Friday, February 12, 2010

Talking sex and celibacy in church (or, why I enjoy I Corinthians)

Things weren't nearly as awkward as they could have been when I lead the small group discussion about sex a couple weeks ago.  I thanked God for that.

We're studying I Corinthians at church, and I'm having a wonderful time, since I love me some Corinthians.  Some of the best celibacy stuff is in I Corinthians (not that it convinces my mom I'm not a deviant).  I love the fact that my pastor is addressing things most Christians don't even know are in the Bible.  Maybe next week here, I'll talk more about my concerns with the group/church reaction to the celibacy idea.  For now, back to sex.

Then the closing pray-er earnestly thanked God that a single woman would be brave enough to lead a small group in a talk about sex and lust.  I almost hurt myself not laughing out loud.  Bravery?  Seriously?

I mean, I suppose if I were a "normal" single Christian desperately longing for a spouse and praying that I hadn't been given the gift of celibacy if it was nonreturnable, maybe it would have been more awkward.  Or maybe if I were younger.  Or if I didn't live in a culture that tries to sell sex to anyone who is not blind, deaf, or sequestered in a far-out nunnery.

But, come on, they know by now who I am: an observant, thoughtful 30-year-old, informed and willing to choose something else. 

Sure, we were all a tad embarrassed: newly-marrieds, older-marrieds, and dating couple, along with single woman.  (I think it was a good thing the new guy didn't come this week, either.)  We're embarrassed partly because none of us have much experience talking sex with other people in the church.  It still has that slightly tainted status as a topic incapable of being included in godly conversation, which is silly.  God invented sex.  It's part of who most people are, and it's wrapped up in a lot of current cultural baggage.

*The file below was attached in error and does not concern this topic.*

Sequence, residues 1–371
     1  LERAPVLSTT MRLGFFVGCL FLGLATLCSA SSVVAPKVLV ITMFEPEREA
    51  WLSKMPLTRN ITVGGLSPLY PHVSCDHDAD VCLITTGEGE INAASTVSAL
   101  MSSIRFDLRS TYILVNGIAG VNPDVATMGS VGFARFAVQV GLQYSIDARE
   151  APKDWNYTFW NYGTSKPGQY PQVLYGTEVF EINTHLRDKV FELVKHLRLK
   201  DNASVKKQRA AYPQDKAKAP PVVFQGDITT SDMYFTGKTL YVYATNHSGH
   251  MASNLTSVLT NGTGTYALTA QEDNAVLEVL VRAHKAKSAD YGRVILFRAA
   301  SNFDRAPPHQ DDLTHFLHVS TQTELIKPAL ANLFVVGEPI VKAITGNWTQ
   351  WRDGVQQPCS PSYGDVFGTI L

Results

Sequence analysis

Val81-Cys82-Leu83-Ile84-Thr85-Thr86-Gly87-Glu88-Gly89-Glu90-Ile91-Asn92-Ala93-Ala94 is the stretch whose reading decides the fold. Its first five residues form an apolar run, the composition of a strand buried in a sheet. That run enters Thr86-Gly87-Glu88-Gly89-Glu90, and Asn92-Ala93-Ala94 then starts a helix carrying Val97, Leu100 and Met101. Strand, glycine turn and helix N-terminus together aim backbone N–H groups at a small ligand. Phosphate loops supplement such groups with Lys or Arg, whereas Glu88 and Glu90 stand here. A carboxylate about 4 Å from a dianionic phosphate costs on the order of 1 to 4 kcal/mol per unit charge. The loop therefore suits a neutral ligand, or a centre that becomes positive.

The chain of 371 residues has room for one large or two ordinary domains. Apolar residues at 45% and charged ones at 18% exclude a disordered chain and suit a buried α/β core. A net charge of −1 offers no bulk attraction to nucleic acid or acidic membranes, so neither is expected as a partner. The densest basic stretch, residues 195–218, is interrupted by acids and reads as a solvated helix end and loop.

Sex and sexual identity are a big part of who people are in America and possibly even more important in more conservative church culture.  We need to know how to talk about it biblically, compassionately, honestly, and rightly.

But with all this great biblical teaching about the benefits and goodness of celibacy, I can't understand why the church is so marriage- and baby-crazy.  It's absolutely ingrained, to the point where no one ever questions it.  When I asked if they ever considered not getting married, I got seriously blank looks.  They never thought about it as an option even when it was presented last week.  I'll bet other groups discussing this, groups that don't have a thrilled, celibacy-gifted member like me never really even went so far as to entertain the idea that some people actually choose it. 

Celibacy is not an embarrassment.  Let me rephrase that: a life style of celibacy should not be an embarrassment, especially not in the church.  But it is. 

Talking about celibacy with someone who is, in fact, celibate for one reason or another makes Christians uncomfortable, possibly more uncomfortable than talking about sex.  Truly it does. 

I've often thought that the only thing that would have traumatized my mom more about my sexuality would have been if I had told her I was homosexual.  My celibacy seems like a similar blow to her; she simply doesn't know how to react, how to process this ersatz sexual non-orientation.

It seems so unnatural to most people.  At least the folks in my MFA program were curious.  They asked questions.  Lots of detailed questions.  Their obvious befuddlement was refreshing.  They didn't understand, really, but they didn't pity me; they wanted to understand me as much as they could.  Believers seem to just feel sorry for celibate people.  I find the situation sad.  And, to be honest, pretty irritating.